4:24      SB: It's not just government ministries that might curate and craft a propaganda message. I think a third thing that's really new about disinformation today is that it can also be automated. So it might not even be real people behind the engagement we see with content online, but pieces of code that are designed to mimic human behavior by liking, sharing, or retweeting content to give this false sense of popularity, momentum, or relevance around a person or an idea. And finally, I think one of the most important things about disinformation today is that it can also be data-driven. So you can be tailored to a very specific user or community of users based on their preexisting values, beliefs, and interests. And this data-driven nature of disinformation also means that it can be measured. How many people actually looked and engaged in a message? How long did they stay on that page or look at that meme? Disinformation can be tested, measured, and refined to then mobilize certain audiences or stifle and suppress others.

5:40      KS: And Samantha, you mentioned that it's both a top down and a bottom up phenomenon on social media. Thinking about that top down aspect, and particularly when you think about being able to test and kind of weaponize the most effective and emotionally resonant types of content, in the US, what kind of groups do we primarily see spreading disinformation, putting it out there on purpose? Who's doing this?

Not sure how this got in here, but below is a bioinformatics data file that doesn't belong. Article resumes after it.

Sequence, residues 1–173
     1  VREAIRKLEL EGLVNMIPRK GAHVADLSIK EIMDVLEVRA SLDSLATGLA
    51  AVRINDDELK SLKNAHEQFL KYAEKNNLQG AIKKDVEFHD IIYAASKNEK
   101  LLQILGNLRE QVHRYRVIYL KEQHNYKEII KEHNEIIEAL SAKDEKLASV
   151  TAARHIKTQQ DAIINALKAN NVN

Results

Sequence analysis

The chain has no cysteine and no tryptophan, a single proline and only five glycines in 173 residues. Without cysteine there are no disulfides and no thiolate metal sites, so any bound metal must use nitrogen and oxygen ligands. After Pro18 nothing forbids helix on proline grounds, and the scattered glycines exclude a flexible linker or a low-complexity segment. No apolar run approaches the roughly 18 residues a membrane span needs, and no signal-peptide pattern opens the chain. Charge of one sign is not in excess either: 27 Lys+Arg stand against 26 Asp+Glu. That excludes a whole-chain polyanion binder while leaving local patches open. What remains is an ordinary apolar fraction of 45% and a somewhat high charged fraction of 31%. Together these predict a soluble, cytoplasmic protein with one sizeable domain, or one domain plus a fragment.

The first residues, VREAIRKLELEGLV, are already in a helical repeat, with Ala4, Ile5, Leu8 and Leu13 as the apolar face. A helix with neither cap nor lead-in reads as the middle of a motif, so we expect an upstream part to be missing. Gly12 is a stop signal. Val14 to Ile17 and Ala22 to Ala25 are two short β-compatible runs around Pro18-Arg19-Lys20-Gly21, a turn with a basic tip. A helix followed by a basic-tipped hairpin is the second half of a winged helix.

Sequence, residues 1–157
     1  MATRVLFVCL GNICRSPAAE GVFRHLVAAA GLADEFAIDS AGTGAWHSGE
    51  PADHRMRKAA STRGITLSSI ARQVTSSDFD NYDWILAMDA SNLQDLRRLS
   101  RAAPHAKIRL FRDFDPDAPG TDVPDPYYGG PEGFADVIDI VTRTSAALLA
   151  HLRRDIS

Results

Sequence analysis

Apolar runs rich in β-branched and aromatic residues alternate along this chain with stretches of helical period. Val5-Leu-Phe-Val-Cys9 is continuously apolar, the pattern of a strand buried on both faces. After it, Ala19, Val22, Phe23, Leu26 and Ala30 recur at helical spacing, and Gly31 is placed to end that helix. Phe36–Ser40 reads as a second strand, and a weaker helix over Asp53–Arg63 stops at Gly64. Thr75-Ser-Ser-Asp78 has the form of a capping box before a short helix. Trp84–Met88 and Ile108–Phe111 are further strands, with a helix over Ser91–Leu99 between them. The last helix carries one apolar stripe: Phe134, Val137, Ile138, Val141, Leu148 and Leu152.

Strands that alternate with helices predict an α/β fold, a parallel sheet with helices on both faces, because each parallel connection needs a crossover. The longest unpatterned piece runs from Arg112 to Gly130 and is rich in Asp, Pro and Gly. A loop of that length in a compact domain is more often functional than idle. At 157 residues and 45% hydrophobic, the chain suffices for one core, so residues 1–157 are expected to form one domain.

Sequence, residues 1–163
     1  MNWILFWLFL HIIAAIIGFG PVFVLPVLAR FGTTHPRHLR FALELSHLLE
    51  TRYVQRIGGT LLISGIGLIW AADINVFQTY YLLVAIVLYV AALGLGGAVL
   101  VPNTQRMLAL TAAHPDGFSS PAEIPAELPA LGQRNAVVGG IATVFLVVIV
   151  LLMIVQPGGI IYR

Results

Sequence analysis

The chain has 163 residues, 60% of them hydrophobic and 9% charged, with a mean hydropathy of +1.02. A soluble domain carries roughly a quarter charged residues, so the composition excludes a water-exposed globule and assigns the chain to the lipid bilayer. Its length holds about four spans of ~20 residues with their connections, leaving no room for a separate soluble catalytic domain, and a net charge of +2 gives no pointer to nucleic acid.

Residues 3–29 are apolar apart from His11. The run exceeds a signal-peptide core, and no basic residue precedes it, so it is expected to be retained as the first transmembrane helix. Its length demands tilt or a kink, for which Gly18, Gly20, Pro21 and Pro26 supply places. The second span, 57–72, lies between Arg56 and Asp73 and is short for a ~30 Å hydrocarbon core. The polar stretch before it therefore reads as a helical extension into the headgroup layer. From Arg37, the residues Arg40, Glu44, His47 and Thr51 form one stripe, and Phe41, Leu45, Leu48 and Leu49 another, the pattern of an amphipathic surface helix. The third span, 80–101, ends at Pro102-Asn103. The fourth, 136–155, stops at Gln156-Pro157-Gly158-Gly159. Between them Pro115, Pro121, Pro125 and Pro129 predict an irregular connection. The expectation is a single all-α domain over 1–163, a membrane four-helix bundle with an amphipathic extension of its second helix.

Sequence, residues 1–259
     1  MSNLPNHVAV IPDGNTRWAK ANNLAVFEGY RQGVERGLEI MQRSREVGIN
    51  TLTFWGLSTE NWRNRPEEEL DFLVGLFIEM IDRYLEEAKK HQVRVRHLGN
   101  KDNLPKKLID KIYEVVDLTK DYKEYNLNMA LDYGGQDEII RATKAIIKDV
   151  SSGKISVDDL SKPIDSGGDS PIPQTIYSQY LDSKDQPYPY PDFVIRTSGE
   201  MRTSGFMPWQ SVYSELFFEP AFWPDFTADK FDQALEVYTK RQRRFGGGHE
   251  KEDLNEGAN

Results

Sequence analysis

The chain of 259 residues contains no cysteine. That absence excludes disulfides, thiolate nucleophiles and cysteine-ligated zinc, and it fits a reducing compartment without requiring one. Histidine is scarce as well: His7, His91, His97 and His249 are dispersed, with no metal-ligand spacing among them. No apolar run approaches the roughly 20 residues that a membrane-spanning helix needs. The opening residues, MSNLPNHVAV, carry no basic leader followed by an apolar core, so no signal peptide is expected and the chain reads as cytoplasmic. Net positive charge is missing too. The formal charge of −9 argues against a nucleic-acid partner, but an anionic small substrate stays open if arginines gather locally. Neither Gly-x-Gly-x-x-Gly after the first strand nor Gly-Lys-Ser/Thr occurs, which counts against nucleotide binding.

6:09      SB: Definitely. There's lots of different producers of disinformation, but one of the most salient types that we often think about is the role of influencers and high profile influencers. We could think about former President Donald Trump and his role as an influencer. What I mean by this is, as the former president, he had an enormous audience on social media, and he could then reach millions of people through these channels in ways that other people couldn't. And so not only influencers, but politicians often play a role in promoting disinformation to benefit them politically. And we don't just see this in the United States. We see this in many other countries around the world. Looking at President Duterte, former President Duterte in the Philippines, Bolsonaro in Brazil, there are many strong armed political leaders who have learned to use and abuse social media for political gain. Other groups that we see, particularly in the United States, would be non-state actors. Groups like the far right have also been really effective in creating and weaponizing the digital media ecosystem to promote their own political agenda. And so we see a lot of those groups using these affordances of social media to spread viral memes that might use humor and sensation to really drive engagement around some really divisive ideas. We also see a lot of conspiracy theorists using social media in a very malicious way, and we can think very clearly, or draw very clearly from COVID-19 and the various conspiracy theories and disinformation that were spread about the origin of the virus, the efficacy of the vaccines with real public health consequences, right? These individuals weren't grounded in the actual scientific literature and understanding of the effects of vaccines and the COVID vaccine on public health.